The Gemara answers: The reason that the tanna cited specifically a case where each is located in a different land is that the standard situation with regard to travel between Judea and the Galilee is tantamount to a crisis period, as war was commonplace, and there was a strip of Samaritan territory between Judea and the Galilee.

讜诇讬转谞讬 诪讜讚讛 专讘讬 讬讛讜砖注 讘讗讜诪专 诇讞讘讬专讜 诪谞讛 诇讜讬转讬 诪诪讱 讜驻专注转讬讜 诇讱 砖讛讜讗 谞讗诪谉 诪砖讜诐 讚拽讗 讘注讬 诇诪讬转谞讬 住讬驻讗 讗诐 讬砖 注讚讬诐 砖讛讜讗 诇讜讛 诪诪谞讜 讜讛讜讗 讗讜诪专 驻专注转讬讜 讗讬谞讜 谞讗诪谉 讜讛讗 拽讬讬诪讗 诇谉 讛诪诇讜讛 讗转 讞讘讬专讜 讘注讚讬诐 讗讬谞讜 爪专讬讱 诇驻专注讜 讘注讚讬诐

The Gemara asks: And let the tanna teach in the mishna: And Rabbi Yehoshua concedes in a case where one says to another: I borrowed one hundred dinars from you and repaid the loan to you, that he is deemed credible. The Gemara answers: The tanna chose not to teach that case of the mouth that prohibited is the mouth that permitted due to the fact that the tanna wanted to teach in the latter clause: If there are witnesses that he borrowed money from another, and he says: I repaid the loan, he is not deemed credible. However, the tanna would not be able to distinguish between a case where witnesses testify and a case where there are no witnesses, as don鈥檛 we hold that in the case of one who lends money to another in the presence of witnesses, the borrower need not repay the loan in the presence of witnesses? Therefore, even if witnesses testify that he took the loan, his claim that he repaid the loan is accepted.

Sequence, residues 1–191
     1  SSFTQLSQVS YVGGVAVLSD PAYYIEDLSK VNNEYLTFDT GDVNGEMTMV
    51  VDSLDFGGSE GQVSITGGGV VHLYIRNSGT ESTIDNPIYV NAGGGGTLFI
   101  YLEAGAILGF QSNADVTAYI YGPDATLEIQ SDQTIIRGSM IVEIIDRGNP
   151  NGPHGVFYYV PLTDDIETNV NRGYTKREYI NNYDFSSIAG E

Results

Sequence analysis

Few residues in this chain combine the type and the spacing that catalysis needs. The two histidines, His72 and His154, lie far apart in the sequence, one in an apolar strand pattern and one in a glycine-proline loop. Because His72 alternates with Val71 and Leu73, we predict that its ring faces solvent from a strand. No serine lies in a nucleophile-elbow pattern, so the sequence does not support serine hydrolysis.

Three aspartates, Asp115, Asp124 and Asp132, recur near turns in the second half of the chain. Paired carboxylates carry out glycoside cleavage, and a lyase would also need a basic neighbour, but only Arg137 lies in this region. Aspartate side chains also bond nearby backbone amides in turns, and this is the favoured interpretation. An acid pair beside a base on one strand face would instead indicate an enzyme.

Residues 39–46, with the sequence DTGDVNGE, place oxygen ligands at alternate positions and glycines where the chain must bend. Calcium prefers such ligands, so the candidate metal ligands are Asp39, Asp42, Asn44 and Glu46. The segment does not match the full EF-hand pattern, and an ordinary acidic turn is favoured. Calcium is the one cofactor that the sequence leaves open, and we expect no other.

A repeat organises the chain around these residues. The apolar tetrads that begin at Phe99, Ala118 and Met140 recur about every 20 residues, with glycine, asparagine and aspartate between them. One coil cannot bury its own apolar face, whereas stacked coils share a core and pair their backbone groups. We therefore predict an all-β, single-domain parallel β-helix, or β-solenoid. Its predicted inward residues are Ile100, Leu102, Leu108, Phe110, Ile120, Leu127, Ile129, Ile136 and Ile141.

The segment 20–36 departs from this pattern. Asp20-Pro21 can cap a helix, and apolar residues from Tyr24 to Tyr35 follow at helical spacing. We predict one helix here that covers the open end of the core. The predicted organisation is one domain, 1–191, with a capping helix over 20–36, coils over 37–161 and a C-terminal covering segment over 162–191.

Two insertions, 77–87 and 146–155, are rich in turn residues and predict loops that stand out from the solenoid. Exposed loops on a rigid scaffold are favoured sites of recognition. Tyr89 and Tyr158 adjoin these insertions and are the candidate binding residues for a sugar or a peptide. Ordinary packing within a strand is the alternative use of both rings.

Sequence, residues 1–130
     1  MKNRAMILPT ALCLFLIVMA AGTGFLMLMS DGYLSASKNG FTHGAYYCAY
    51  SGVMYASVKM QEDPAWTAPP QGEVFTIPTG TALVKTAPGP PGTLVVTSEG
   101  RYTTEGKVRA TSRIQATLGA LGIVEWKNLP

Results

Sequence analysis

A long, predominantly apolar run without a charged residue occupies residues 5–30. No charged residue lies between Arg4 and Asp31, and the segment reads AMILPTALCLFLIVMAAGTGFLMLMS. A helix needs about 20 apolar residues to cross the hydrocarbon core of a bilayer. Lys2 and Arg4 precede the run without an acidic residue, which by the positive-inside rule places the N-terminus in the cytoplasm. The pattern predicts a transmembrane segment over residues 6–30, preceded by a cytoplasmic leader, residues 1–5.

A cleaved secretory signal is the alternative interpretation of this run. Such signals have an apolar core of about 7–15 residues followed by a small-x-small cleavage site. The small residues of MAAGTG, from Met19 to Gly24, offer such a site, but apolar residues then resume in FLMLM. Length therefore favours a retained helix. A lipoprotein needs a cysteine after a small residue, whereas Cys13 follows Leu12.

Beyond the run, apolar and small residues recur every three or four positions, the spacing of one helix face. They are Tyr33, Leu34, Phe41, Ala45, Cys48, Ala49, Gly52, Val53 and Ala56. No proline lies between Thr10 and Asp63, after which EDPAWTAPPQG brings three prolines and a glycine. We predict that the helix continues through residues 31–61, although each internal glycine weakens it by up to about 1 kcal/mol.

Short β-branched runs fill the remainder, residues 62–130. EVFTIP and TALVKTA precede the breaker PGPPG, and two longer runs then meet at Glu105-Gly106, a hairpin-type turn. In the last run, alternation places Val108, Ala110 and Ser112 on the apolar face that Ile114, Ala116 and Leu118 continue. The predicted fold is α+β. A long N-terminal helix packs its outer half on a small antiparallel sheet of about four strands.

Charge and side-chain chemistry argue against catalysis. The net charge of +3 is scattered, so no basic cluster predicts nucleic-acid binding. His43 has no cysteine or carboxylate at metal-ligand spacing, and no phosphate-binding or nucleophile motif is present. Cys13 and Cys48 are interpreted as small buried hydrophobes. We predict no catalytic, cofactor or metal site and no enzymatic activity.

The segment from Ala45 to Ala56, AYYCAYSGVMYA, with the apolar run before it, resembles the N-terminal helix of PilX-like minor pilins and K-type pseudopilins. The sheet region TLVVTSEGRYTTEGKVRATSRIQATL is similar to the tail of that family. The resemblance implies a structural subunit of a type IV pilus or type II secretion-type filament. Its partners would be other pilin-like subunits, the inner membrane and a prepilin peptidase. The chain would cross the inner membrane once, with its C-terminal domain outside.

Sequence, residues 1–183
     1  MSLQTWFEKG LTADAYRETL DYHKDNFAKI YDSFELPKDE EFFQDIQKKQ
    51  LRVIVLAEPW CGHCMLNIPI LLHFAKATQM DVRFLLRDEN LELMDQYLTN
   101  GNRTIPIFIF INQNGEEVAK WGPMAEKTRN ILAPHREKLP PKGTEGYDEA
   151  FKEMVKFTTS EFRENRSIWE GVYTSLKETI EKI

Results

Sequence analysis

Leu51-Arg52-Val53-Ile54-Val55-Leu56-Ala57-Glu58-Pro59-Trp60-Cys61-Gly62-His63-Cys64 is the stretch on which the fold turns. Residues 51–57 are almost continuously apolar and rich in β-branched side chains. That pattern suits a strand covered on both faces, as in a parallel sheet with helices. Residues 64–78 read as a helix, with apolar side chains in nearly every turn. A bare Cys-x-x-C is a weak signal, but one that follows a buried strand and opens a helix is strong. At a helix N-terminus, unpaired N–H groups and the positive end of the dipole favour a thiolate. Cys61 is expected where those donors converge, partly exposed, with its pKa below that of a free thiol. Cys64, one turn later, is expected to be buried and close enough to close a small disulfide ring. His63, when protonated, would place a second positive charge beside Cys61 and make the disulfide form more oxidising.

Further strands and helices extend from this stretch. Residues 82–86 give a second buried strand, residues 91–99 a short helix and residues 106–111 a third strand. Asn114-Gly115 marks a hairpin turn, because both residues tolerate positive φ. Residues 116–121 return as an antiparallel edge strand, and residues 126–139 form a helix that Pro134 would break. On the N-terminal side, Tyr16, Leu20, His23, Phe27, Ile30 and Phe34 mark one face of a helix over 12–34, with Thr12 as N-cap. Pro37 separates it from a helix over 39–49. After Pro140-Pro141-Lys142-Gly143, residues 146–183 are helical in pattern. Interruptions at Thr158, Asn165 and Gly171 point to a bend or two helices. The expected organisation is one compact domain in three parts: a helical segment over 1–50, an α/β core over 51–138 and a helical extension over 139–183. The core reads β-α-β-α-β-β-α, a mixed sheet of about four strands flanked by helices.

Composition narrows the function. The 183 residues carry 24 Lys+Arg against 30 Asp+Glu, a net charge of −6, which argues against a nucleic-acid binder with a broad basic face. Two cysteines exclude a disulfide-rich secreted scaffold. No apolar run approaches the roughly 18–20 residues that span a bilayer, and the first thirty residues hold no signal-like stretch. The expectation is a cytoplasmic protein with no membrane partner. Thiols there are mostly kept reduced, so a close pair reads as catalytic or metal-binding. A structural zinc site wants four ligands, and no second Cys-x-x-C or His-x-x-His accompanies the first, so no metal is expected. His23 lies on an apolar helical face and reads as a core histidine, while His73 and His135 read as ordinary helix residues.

讜诇讬转谞讬 诪讜讚讛 专讘讬 讬讛讜砖注 讘讗讜诪专 诇讞讘讬专讜 诪谞讛 诇讗讘讬讱 讘讬讚讬 讜讛讗讻诇转讬讜 驻专住 砖讛讜讗 谞讗诪谉

The Gemara asks: And let the tanna teach in the mishna: And Rabbi Yehoshua concedes in a case where one says to another: Your father has one hundred dinars in my possession in the form of a loan, but I provided him with repayment of half that amount, that his claim is deemed credible.

讗诇讬讘讗 讚诪讗谉 讗讬 讗诇讬讘讗 讚专讘谞谉 讛讗 讗诪专讬 诪砖讬讘 讗讘讬讚讛 讛讜讬 讗讬 讗诇讬讘讗 讚专讘讬 讗诇讬注讝专 讘谉 讬注拽讘 讛讗 讗诪专 砖讘讜注讛 讘注讬